Science & Environment

Trillion-euro shortfall facing EU energy sector - Lords Committee

power generation
Image caption Europe needs to adopt clearer policies on energy to encourage investors, says a House of Lords report

Investment totalling a trillion euros (£846bn) is required before the end of this decade if the European Union is to stave off an energy crisis.

That is the conclusion of an eight-month inquiry by the House of Lords into the EU power sector.

The Lords report says that a muddled Brussels energy policy is putting off big investors.

In addition, it says there needs to be greater support for Europe's Emissions Trading System (ETS).

The Lords EU sub-committee on agriculture, fisheries, environment and energy took evidence from a range of parties including the European Commission, power companies and environmental campaigners.

Money on hold

Their report says that there is an urgent need for investment in low carbon, interconnected and innovative energy systems. The committee agreed with the European Commission estimate that to achieve secure, green and cheap energy by 2020, a trillion euros will need to be spent on infrastructure.

The money is there from institutional investors for these energy projects, say the Lords. But the lack of a clear policy about how to deliver secure and affordable power is holding them back.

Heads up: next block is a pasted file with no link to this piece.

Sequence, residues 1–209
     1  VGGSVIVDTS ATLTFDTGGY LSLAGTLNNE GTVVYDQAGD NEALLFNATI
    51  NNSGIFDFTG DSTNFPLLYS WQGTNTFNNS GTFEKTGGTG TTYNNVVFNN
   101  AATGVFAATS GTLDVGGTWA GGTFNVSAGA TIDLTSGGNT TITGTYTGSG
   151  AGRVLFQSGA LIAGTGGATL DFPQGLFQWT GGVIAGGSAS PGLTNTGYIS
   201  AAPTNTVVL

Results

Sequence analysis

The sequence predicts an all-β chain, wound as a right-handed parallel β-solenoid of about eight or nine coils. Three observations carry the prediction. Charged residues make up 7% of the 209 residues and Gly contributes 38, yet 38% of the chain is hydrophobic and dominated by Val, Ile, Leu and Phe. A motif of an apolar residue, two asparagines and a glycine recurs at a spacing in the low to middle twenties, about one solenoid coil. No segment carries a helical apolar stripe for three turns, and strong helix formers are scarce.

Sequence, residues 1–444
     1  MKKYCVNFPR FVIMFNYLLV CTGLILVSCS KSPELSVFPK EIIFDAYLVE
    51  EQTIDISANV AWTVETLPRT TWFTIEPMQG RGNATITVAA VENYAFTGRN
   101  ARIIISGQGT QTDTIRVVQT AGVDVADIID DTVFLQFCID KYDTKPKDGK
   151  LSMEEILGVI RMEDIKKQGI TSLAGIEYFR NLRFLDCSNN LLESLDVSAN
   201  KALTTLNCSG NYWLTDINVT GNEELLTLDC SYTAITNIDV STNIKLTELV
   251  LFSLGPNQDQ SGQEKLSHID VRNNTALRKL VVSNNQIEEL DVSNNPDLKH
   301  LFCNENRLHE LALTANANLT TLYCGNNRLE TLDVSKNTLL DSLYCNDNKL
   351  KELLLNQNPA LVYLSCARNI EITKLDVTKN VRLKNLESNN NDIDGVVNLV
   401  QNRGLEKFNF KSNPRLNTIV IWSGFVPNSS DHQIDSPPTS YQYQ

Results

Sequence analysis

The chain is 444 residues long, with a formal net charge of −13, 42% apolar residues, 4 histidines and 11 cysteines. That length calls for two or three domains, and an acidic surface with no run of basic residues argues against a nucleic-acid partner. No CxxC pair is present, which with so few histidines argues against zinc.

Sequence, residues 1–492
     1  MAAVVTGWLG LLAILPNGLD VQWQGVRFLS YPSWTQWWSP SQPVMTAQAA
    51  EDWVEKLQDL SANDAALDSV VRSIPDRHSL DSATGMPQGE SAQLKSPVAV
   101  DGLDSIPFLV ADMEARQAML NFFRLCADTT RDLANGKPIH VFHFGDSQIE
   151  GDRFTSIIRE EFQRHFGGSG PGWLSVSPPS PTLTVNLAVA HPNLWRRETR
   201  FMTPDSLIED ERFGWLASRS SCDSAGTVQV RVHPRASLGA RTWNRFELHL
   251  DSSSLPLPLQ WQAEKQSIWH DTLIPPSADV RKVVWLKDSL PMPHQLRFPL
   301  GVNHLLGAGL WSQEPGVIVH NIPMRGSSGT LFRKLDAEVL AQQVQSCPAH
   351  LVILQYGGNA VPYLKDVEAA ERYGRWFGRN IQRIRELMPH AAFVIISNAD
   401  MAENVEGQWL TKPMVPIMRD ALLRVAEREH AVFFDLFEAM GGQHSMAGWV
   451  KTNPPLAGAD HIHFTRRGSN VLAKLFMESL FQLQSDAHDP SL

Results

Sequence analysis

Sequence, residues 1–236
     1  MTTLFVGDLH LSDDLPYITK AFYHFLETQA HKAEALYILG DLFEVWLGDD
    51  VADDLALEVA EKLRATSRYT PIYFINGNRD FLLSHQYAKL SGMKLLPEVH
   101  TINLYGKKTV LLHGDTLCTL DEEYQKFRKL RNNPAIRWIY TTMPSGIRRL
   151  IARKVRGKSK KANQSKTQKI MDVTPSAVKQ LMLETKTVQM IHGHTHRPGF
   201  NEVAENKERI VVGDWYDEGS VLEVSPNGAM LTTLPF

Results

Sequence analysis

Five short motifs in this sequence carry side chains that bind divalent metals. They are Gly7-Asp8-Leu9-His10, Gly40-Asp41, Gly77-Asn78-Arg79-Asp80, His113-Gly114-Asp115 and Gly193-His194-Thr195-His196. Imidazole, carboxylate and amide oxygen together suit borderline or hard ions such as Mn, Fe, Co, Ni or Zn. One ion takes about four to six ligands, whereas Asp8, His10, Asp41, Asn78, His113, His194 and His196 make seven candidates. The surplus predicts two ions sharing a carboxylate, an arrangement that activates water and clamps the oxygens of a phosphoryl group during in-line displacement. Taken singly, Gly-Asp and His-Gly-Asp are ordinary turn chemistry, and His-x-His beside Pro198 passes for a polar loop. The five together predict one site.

Image caption The EU needs a clear target on the proportion of renewables needed in the energy mix by 2030

"The value of energy companies has slumped since 2008, the public purse is severely constrained, but there is more than enough money around in the investment community," said Lord Carter of Coles, who chaired the committee.

"This should be a great time to invest in long-term assets such as energy, but clear policy is needed in order to release it," he said.

The Lords point to two core policies that they say need to be in place. The ETS needs urgent revision, they say.

In recent weeks, the price of carbon has crashed further after the European Parliament baulked at a commission proposal to overhaul the market.

"The ETS has failed but it is not dead," said Lord Carter.

"It needs to include a minimum price for carbon, providing governments and investors with the confidence to support innovation through investment."

That minimum price is required to prevent countries reverting to coal, which has become much cheaper on global markets as a result of the shale oil and gas boom in the US.

The other critical policy that needs to be in place is one the UK has refused to endorse. According to the Lords, a target for the proportion of renewables in the energy mix up to 2030 is rapidly required.

The committee also calls for the development of electricity inter-connections between member states, along the lines of the agreement reached between the UK and the Irish Republic over wind power in January.

"The inter-connection issue really needs to be developed quickly. We saw a case in the Pyrenees where the inter-connecter between Spain and France took 30 years because environmentalists couldn't agree," Lord Carter added.

The Lords are also calling for the development of a regulatory structure for the exploitation of shale gas in the EU.

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